We had a few things we needed to do in a big town so in this case we were already committed to Townsville. We left Perth with the new fancy and expensive Hema HX1 (thanks to an abundance of BCF vouchers for our birthdays and Christmas from family), which died on us after our 2nd town, Hema Support were helpful and we were able to collect another one in Tom Price. Unfortunately this one died when we were in Cape York, it wouldn’t charge. By this point we were looking for alternatives. In the end Dan chose a 7inch tablet where we uploaded the Hema maps app and iGo app, working just the same as the Hema but costing half the price (WAIT: There is more to this story than Felicia is willing to tell, after three nights researching bloggs and Satellite Navigation manufacturer websites, I decided a 7″ Samsung tablet with the right software would be more suitable, They have a long battery life, a great screen resolution, faster processing speeds, work with GPS and GLONASS, plus I would also have a tablet to use instead of borrowing Felicia’s. Apparently I was wrong in my assessment and had made a poor decision. Felicia felt very strongly against this solution and gave a number of very feeble reasons as to why… after seeing the error of my ways we bought a Garmin from Harvey Norman. The sales assistants assured us that we could install the Hema Maps…. Turns out they were wrong and we then exchanged it for the Samsung tablet and it has worked wonderfully ever since. Dan).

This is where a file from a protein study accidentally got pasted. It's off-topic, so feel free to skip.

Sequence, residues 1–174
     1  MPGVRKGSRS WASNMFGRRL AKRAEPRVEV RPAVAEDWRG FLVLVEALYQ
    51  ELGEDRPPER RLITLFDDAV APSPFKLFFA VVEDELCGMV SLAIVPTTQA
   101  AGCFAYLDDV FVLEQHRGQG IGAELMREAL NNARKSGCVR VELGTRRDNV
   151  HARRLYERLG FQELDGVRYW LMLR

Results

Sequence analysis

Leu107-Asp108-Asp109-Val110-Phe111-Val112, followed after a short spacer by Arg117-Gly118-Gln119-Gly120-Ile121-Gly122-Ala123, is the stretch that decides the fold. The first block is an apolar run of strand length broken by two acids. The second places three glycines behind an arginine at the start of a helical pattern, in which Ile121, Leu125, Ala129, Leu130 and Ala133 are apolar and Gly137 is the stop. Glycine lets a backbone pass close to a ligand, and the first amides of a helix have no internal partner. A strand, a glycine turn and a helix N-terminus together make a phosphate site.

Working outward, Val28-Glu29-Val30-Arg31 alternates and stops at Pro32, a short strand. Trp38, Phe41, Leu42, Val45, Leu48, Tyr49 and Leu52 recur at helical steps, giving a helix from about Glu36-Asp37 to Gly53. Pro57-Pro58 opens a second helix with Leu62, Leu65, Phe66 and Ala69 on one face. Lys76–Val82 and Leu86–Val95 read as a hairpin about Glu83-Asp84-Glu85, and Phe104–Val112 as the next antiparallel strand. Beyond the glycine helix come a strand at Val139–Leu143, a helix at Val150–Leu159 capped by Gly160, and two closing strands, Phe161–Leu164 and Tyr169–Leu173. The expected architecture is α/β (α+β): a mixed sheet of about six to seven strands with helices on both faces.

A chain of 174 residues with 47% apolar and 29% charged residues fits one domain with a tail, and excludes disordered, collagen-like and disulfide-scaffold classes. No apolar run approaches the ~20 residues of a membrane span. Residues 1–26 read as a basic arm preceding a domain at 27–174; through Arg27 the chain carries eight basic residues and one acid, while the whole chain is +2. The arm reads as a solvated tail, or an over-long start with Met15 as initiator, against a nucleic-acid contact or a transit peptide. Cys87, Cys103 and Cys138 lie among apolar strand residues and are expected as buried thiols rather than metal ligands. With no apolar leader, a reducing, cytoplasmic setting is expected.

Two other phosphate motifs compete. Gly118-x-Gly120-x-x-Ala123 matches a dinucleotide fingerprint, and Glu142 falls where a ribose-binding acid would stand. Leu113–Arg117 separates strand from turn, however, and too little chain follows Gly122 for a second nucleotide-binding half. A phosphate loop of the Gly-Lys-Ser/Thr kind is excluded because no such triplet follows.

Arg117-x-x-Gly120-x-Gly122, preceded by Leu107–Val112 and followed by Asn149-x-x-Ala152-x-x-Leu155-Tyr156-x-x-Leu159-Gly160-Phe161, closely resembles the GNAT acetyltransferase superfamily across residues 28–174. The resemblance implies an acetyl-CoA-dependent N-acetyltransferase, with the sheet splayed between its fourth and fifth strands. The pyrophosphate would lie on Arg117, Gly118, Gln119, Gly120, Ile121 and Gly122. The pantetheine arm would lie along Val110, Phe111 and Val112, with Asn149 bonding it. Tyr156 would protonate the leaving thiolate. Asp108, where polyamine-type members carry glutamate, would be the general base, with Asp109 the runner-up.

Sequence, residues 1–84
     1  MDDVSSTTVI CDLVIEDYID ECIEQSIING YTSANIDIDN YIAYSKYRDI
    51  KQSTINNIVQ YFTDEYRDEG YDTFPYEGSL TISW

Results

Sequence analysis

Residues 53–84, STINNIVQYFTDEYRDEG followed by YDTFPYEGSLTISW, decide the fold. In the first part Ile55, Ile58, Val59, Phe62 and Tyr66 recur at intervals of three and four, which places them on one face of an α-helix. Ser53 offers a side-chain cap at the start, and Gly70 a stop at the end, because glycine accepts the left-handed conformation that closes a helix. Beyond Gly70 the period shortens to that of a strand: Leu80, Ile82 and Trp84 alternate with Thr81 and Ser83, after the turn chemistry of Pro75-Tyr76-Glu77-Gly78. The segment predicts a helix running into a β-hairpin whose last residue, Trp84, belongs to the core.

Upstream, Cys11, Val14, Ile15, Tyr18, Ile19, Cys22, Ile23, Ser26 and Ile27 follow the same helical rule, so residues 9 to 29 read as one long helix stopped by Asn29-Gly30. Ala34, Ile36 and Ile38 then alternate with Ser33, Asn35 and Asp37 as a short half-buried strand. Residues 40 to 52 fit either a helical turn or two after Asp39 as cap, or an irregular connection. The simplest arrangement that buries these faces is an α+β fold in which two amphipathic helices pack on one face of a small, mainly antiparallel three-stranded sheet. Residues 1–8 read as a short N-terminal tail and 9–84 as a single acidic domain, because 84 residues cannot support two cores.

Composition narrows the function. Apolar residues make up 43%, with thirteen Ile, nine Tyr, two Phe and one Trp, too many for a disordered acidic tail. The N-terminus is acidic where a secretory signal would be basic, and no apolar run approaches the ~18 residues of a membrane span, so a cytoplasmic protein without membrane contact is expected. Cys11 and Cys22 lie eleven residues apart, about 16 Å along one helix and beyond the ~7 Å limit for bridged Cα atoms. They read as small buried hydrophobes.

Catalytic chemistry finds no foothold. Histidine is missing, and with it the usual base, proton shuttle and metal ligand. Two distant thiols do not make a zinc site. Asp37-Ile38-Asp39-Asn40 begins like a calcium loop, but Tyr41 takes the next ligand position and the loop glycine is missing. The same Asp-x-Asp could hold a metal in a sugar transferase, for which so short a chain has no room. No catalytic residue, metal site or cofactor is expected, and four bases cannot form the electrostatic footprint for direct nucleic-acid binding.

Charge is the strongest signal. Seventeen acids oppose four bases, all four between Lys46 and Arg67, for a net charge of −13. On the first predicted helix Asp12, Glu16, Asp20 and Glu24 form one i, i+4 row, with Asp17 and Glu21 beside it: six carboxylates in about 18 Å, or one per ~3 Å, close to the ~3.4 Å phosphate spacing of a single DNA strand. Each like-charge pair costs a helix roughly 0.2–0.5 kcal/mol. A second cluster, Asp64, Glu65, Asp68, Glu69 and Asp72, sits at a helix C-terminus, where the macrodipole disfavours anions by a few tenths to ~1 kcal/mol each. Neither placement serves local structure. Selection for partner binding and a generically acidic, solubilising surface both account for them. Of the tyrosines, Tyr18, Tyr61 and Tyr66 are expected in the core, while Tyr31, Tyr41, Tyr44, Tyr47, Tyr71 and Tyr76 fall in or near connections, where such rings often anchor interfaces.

Townsville:

We attended a school fete with food trucks, went to some markets early the next morning and had our first spiral potatoes on a stick! We took Esther to the foreshore water playground in the afternoon where they also had another fair with food trucks and rides. Lots happening in Townsville!